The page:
THE courts have recently reopened a debate which has been raging for some time in the UK courts and amongst employers. Is obesity a disability in itself – qualifying the person concerned to protection under UK discrimination law?
Given that an increasing number of citizens are overweight, this is obviously an issue of concern to medical practices, not simply as primary care providers but also as employers.
A survey of 2,000 HR managers by the personnel profession’s magazine, Personnel Today, found that most preferred to offer jobs to workers of a “normal weight”. This survey indicated a potentially worrying attitude towards overweight employees and/or job applicants, but the important question is whether there is any legislation offering protection to such workers.
Many aspects of discrimination have been tackled by legislation. For example, job applicants and/or employees can bring employment tribunal claims if they are discriminated against on the grounds of their sex, race, age, sexual orientation, religion, marital status, gender reassignment or maternity/paternity. However, there is no employment law in the United Kingdom which directly addresses discrimination against obesity.
This is in contrast to US law. For example, in California legislation has been passed which outlaws discrimination on the grounds of height or weight.
Nevertheless, some elements of UK employment law can be used to help protect overweight job applicants and employees. The most obvious avenue is protection against discrimination on grounds of a disability.
Disability is one of the few areas of discrimination where protection is only available if the person passes a ‘test’ – based on the medical (as opposed to the social) model of disability.
The definition of disability in the Equality Act is that “… a person has a disability … if he has a physical or mental impairment which has a substantial and long term adverse effect on his ability to carry out normal day to day activities …”. Therefore, if a person’s obesity (or, importantly, subsidiary health conditions attributable to obesity) has lasted at least 12 months and substantially adversely affects their ability to perform everyday activities then it could be classed as a disability.
In a recent disability discrimination case considered by the Employment Appeal Tribunal (EAT), the judge found that an obese employee was disabled and therefore could bring a disability discrimination claim against his employer. The employee in the case, Mr Walker, weighed 137 kilograms (21 ½ stones) and suffered from “functional overlay” compounded by his obesity, which caused him symptoms such as asthma, knee problems, diabetes, high blood pressure, chronic fatigue syndrome, bowel and stomach problems, anxiety and depression.
The original decision of the employment tribunal was that Mr Walker was not disabled because medical professionals could not find a physical or mental cause for his ailments, other than obesity. They found this because there was no single significant physical or mental impairment that caused his symptoms. The appeal tribunal overturned that decision: finding that the tribunal judge was wrong to concentrate on the literal meaning of “physical or mental impairment”. Instead of focusing on the cause of the condition, the tribunal should have considered its effect on Mr Walker.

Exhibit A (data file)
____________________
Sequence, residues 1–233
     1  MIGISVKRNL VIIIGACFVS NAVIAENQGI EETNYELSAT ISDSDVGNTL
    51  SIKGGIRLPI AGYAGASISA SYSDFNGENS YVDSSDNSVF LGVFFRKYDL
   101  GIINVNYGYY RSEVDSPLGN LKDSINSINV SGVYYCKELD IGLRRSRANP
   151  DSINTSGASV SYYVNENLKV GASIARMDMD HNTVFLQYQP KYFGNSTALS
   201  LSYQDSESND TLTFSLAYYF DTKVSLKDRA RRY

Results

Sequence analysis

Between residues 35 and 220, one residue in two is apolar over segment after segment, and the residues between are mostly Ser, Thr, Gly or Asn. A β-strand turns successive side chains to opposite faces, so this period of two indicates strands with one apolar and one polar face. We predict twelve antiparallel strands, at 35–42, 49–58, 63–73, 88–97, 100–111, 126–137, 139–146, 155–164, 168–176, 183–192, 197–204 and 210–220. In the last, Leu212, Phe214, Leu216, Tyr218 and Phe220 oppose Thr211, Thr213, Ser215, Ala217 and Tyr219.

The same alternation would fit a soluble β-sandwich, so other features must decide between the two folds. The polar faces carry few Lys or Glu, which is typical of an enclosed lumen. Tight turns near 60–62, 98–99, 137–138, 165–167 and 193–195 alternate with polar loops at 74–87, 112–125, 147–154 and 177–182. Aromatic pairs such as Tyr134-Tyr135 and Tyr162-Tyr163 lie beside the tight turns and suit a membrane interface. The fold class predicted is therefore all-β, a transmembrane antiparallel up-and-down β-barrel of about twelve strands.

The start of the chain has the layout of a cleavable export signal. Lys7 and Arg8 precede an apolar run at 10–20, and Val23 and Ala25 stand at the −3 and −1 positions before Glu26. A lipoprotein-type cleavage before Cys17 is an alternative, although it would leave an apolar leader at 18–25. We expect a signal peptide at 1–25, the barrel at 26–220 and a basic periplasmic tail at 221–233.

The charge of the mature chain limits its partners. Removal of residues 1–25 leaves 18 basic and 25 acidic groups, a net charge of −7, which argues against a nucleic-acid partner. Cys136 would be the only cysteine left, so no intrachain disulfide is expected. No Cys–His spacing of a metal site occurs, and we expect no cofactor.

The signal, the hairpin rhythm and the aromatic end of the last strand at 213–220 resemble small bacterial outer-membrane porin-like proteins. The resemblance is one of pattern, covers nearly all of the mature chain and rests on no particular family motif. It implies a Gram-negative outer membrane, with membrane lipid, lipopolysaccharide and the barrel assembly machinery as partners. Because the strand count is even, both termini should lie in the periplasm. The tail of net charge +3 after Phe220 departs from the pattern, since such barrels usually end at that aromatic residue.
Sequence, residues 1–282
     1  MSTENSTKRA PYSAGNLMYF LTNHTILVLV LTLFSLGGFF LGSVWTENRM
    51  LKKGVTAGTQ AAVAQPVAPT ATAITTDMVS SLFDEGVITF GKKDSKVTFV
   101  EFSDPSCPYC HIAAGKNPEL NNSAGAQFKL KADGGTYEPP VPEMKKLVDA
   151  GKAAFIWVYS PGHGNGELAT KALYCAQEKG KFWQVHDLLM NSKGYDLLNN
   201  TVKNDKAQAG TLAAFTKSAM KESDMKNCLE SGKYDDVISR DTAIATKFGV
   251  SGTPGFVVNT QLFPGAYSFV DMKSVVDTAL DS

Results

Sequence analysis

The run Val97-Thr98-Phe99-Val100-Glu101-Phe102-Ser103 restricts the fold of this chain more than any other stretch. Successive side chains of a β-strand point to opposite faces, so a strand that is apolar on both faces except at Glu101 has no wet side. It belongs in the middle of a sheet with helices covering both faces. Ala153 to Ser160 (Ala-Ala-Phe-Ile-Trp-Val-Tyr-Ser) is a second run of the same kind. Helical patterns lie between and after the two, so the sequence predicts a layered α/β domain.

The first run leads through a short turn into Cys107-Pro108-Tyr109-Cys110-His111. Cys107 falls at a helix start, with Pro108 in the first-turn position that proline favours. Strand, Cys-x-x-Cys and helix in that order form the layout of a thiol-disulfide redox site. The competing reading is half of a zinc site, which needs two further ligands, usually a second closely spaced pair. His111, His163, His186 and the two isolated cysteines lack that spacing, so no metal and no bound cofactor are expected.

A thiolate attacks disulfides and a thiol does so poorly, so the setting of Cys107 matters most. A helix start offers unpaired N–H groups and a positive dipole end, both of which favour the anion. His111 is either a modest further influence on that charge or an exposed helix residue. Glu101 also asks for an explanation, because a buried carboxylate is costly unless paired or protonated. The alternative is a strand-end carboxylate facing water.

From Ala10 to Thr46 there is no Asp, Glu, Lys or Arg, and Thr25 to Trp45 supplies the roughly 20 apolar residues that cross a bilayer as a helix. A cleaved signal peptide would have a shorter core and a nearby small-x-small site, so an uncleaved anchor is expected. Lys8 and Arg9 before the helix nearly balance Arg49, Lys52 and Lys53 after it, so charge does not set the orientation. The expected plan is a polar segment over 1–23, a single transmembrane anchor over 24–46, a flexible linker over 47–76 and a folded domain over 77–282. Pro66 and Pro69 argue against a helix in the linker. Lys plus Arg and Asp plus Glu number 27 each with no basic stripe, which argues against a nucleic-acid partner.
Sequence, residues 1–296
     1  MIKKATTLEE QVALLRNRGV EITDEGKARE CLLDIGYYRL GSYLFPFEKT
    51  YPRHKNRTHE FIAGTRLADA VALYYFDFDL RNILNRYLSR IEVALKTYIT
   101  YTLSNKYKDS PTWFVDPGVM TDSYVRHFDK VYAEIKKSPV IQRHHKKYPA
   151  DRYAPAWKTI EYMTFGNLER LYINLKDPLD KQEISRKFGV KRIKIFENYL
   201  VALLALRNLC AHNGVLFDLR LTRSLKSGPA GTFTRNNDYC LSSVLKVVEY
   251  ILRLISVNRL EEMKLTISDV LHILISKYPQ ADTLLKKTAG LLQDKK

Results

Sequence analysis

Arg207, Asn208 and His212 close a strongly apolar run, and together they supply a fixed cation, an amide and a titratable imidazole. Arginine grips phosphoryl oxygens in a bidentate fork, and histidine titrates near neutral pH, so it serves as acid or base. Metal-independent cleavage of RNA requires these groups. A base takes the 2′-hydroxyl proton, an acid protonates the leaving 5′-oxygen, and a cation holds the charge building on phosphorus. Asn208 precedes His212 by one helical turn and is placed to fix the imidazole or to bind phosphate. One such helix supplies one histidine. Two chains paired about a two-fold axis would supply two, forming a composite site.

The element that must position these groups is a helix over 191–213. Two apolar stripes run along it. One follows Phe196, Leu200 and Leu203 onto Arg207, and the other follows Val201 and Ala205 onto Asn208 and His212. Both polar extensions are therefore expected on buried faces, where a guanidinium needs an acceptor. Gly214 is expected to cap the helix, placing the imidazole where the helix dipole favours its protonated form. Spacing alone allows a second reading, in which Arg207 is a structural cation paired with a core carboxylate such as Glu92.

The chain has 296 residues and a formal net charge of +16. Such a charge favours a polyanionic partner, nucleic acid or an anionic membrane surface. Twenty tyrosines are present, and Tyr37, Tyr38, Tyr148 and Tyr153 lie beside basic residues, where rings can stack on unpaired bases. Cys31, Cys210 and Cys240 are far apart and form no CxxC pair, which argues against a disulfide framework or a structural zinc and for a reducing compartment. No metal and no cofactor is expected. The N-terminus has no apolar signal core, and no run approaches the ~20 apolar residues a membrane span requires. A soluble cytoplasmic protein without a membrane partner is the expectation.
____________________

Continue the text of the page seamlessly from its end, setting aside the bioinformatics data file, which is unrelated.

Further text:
The EAT highlighted that, in considering whether an impairment is classed as a disability, the focus should be on the nature of the impairment itself rather than the cause of the impairment. It clarified that, while obesity itself is not considered a disability, the effect of the condition can give rise to ailments which could be classed as a disability.
The appeal tribunal likened obesity with alcoholism, a disease which is expressly excluded from the definition of a disability under the Equality Act. While an alcoholic may not be disabled solely because of their alcoholism, if they go on to develop liver failure as a result, the medical impairments they would suffer would make them disabled for the purposes of the Equality Act.
Importantly, although this case was specific to its facts, if obese employees (or applicants for employment) are covered by this protection they can potentially claim discrimination in recruitment processes if they are refused a job purely because of their condition. They may also claim adverse treatment whilst they are employed (such as harassment, on grounds of their obesity, by colleagues) or unfair dismissal, if this was purely related to their disability.
Guidance on disability discrimination under the Equality Act does say that account should be taken of how far a person can reasonably be expected to modify their behaviour to prevent or reduce the effect of any impairment on day-to-day activities. However, an employer must still be sensitive to the complicated issues that can cause a person to be overweight and not simply assume that it is just a matter of dieting and exercise.
Put simply, employers need to be aware of the potential for unfair treatment of workers with obesity and put in place measures (such as training for staff and fair recruitment practices) to reduce the likelihood of legal claims from obese people who are treated badly in the workplace.
Ian Watson is training services manager at Law At Work
Law At Work is MDDUS preferred supplier of employment law and health and safety services. For more information and contact details please visit www.lawatwork.co.uk